Rising seas besieging China’s economically vital coastal zones. Mighty feats of infrastructure, like the Three Gorges Dam and railway inTibet, strained by turbulent rainfall and the melting of frozen earth. And on the Himalayan frontiers, the risk in future decades of international conflict over dwindling water supplies as glaciers retreat.
These and other somber scenarios are laid out in the Chinese government’s latest scientific assessment of global warming, released just before negotiations in Paris for a new international agreement on climate change.
“There’s deepening awareness of the gravity of the problems,” Zhang Haibin, a professor at Peking University who was among some 550 experts who prepared the report, said in an interview. He noted a shift since the first such assessment was issued nine years ago. “From the first to the second to this third report, the negative impacts of climate change onChina are increasingly apparent.”
The new report went on public sale in recent days after its release by the Ministry of Science and Technology, and is available only in Chinese.
It presents global warming as squeezing China from two fronts: the environmental hazards and the international response.
China is increasingly vulnerable to the effects of climate change, especially from rising seas and shifting rainfall and snow patterns. And it also faces growing international pressure to cut its greenhouse-gas pollution, which is by far the most of any country, almost twice that of the second-place country, the United States.
To ward off those international demands, one section of the report urges Beijing to be more flexible in negotiations, where China’s dual status as a huge developing economy and the biggest polluter has generated friction with the European Union and the United States and other countries that want firmer commitments for when its greenhouse-gas output will start to fall.
“New arrangements in global climate governance are unavoidable,” the report says. “China should confront the vagueness of its role and change.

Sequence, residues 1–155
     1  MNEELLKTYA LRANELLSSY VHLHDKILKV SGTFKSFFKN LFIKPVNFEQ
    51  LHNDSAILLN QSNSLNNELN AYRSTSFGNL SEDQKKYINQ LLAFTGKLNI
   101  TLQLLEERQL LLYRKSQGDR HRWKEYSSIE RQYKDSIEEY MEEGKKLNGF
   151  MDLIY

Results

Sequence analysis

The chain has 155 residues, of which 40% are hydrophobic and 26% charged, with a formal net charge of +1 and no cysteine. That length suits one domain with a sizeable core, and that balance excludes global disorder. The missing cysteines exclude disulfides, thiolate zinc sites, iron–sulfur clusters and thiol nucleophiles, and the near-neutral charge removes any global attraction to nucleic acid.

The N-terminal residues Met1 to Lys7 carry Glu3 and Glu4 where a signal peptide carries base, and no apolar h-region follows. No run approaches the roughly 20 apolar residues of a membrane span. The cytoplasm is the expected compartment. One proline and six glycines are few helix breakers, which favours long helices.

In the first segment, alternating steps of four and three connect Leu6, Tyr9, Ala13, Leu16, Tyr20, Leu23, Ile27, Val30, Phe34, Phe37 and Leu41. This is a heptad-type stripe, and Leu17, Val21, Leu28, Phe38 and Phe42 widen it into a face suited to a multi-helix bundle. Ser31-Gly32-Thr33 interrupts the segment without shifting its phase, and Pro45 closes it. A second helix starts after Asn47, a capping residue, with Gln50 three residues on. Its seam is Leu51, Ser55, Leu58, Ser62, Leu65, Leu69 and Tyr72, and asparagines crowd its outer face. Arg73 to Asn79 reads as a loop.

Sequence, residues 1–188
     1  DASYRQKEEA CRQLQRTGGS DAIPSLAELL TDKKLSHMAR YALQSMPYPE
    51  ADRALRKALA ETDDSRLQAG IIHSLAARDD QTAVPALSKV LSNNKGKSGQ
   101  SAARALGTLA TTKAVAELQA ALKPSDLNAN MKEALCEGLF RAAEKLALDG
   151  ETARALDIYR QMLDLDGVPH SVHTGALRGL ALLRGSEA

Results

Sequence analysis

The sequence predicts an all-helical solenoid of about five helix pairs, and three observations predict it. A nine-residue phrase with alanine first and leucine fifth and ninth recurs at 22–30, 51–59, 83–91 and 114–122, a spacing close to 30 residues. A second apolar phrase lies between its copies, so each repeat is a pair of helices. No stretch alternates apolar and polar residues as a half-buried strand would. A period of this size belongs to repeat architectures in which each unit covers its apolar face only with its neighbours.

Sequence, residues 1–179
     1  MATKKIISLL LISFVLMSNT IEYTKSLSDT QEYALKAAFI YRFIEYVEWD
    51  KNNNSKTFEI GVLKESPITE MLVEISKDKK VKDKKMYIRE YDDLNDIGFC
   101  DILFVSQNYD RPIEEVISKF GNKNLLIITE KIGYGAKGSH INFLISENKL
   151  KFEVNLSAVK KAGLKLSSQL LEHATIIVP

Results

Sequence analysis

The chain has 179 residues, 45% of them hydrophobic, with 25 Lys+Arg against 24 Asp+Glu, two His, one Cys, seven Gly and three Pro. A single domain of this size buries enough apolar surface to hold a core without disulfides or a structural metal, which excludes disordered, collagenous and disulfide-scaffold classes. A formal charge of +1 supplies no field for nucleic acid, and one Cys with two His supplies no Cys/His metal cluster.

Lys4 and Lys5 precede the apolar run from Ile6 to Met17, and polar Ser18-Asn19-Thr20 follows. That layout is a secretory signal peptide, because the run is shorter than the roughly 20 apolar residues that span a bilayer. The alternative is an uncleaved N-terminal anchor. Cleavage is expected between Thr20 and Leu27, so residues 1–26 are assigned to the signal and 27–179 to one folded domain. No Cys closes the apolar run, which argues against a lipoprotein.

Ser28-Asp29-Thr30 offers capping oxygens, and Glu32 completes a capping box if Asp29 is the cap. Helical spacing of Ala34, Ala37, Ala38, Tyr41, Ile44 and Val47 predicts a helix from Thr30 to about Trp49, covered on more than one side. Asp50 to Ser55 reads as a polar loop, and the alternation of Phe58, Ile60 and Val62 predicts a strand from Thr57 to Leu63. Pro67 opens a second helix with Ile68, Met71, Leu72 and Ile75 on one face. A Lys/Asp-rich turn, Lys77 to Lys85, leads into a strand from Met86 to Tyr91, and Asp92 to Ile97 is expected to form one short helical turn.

The latest talks start in Paris on Monday, and the Chinese president, Xi Jinping, will be among the leaders at the opening. Mr. Xi will restate China’s longstanding position that it is still a poor, growing country, meaning it should not bear the responsibility for quantitative greenhouse-gas caps that apply to rich economies, the Chinese foreign ministry said on Friday. Yet one section of the new report suggests that China will have to adjust to new demands.
“There is an unavoidable trend for all countries to participate in emissions cuts, and for the major developing countries to shoulder larger emissions-reduction responsibilities,” the report said. “China must fully prepare for this.”
The 900-page study, “The Third National Climate Change Assessment Report,” is not a summation of established government policy; rather it is a distillation of the latest science and policy options from state-appointed experts. Some of them likened it to the United Nations Intergovernmental Panel on Climate Change, which summarizes advances in scientific research and their implications, with authors sometimes contradicting one another.
“It is an important contribution to debates and to the process of building consensus,” said Qi Ye, a professor of environmental policy and management at Tsinghua University in Beijing who contributed to the report. “In that regard, it does contribute to the policy-making process, albeit indirectly.”
The report acknowledges disagreement among policy advisers over how many years China’s emissions will keep growing before they level off.
He Jiankun, a professor at Tsinghua University who was a senior author of the report, said he hoped that the government would embrace its proposal for firm coal consumption and carbon-dioxide pollution limits from next year, paving the way for a peak in emissions before the 2030 date proposed by the government.